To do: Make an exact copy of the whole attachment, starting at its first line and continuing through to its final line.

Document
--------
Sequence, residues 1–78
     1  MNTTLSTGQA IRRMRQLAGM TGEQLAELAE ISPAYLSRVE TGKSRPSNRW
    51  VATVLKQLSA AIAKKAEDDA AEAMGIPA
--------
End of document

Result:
Sequence, residues 1–78
     1  MNTTLSTGQA IRRMRQLAGM TGEQLAELAE ISPAYLSRVE TGKSRPSNRW
    51  VATVLKQLSA AIAKKAEDDA AEAMGIPA